Coastal Commission halts project near sensitive habitat in HMB

Posted by on Sat, May 12, 2007
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California Coastal Commission
Slide from the Powerpoint at the Coastal Commission hearing shows the site and the riparian corridor.

The Coastal Commission has put a hold on the construction of a house approved by the Half Moon Bay Planning Commission.

The Planning Commission approved the construction of a large two-story house at 2788 Pullman Avenue, near an intermittent stream and riparian area that provides environmentally sensitive habitat for the California red-legged frog and the San Francisco garter snake.

Professional biologists from the U.S. Fish and Wildlife Service and the California Department of Fish and Game notified the City about the existence of this protected habitat in March 2006, as explained in the lengthy Coastal Commission staff report.

The Planning Commission first considered the application in December 2006. The project was continued and then later approved on March 22, 2007 by a vote of 4-1, with two planning commissioners recusing themselves from the hearing.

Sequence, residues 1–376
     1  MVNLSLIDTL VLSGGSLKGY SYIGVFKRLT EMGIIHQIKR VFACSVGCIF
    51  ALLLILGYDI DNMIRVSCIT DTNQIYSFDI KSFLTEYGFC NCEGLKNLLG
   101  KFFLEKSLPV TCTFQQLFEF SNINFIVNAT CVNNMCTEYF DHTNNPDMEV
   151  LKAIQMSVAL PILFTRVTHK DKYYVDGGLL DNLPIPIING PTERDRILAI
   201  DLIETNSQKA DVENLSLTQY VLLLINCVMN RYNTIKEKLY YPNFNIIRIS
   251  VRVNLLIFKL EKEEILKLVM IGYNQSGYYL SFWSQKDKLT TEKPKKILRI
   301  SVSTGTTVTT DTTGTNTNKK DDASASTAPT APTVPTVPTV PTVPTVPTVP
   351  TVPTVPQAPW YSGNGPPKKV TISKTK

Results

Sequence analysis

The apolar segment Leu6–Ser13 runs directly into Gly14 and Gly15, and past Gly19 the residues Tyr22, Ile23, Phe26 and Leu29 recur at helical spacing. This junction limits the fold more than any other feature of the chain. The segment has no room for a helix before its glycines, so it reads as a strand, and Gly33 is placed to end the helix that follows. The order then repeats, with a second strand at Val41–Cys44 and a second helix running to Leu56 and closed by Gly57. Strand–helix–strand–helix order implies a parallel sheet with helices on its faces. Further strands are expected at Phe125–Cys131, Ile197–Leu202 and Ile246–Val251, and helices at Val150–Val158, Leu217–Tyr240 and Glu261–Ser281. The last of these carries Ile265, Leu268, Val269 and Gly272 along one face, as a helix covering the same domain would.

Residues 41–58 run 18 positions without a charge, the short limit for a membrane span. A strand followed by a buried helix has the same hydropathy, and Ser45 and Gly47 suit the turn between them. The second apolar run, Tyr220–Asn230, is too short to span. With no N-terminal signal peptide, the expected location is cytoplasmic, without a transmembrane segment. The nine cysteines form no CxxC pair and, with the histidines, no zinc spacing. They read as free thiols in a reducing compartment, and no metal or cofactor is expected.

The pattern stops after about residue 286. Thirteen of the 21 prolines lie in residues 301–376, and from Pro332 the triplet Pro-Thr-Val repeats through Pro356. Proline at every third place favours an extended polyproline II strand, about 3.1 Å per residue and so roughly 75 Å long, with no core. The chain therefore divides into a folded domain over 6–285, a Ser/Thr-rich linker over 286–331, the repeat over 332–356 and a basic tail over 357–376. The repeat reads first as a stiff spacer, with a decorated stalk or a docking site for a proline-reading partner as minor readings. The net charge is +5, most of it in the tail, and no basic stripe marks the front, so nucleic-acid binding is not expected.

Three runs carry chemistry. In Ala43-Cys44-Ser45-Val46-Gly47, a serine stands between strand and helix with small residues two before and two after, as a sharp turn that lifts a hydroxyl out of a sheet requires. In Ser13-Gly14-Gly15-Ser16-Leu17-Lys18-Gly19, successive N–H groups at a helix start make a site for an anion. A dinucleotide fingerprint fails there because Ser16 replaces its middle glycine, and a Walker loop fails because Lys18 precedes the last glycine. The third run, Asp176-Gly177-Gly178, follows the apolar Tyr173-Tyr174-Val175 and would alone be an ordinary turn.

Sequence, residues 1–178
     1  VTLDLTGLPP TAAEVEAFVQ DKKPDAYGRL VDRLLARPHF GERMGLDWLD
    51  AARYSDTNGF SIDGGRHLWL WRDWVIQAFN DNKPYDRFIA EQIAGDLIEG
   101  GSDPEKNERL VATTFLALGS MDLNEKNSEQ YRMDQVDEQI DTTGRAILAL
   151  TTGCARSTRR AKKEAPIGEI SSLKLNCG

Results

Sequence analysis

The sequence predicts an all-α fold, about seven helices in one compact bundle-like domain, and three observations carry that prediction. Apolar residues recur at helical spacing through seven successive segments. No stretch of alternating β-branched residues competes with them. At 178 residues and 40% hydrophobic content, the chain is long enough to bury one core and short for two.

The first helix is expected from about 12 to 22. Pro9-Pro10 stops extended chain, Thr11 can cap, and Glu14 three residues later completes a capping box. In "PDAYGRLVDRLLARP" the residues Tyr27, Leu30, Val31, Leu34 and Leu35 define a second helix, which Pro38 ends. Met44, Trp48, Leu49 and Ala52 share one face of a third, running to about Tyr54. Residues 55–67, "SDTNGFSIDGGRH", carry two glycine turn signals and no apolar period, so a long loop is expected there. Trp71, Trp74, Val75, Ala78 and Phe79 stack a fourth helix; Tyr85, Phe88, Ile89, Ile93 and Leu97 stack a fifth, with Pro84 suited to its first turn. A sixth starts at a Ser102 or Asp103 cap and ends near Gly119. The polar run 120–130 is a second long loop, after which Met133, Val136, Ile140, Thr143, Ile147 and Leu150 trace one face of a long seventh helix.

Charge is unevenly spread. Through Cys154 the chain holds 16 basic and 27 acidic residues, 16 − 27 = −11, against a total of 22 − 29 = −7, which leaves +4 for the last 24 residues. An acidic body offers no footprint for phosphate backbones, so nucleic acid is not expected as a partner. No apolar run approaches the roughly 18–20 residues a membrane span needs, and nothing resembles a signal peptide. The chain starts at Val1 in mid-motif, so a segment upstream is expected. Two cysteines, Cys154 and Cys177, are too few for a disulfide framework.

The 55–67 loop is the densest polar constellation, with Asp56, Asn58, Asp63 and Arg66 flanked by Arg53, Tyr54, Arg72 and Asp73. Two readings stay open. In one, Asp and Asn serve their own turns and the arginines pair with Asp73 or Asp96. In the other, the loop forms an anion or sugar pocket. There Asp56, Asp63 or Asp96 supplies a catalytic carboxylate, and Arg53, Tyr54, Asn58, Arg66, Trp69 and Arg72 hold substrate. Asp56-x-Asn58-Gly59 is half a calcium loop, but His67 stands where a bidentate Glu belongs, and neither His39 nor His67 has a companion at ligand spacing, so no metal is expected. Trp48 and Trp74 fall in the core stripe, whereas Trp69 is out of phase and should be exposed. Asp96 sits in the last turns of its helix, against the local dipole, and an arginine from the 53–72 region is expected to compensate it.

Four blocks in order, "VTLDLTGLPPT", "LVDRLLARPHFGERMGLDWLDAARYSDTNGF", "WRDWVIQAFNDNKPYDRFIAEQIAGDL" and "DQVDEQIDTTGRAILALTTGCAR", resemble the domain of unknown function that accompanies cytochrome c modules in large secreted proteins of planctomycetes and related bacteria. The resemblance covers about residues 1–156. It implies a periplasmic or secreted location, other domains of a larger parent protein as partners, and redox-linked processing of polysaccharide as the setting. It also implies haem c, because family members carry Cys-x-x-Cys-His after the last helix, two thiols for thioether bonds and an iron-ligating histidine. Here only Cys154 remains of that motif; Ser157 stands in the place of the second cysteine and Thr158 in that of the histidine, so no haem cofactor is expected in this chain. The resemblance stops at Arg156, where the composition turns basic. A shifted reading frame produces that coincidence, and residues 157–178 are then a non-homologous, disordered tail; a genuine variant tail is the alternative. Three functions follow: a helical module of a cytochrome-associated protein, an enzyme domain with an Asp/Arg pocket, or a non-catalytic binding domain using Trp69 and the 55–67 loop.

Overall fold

At its May 9, 2007 meeting in San Pedro, in southern California, the Coastal Commission unanimously agreed there was a "substantial issue" about whether the local decision was legally consistent with the City’s ordinances that mandate buffer zones around sensitive habitat areas. The Coastal Commission will review the project at a future meeting to determine what changes are needed to ensure that the project complies with the city’s ordinances and regulations of the U.S. Fish and Wildlife Service and the California Department of Fish and Game.

You can view a video of the May 9 Coastal Commission hearing on the Coastal Commission site. The discussion of the Half Moon Bay project starts at about 19 minutes into the video and runs for about 3 minutes. You can use the slider in the video window to scroll forward to the 19-minute mark.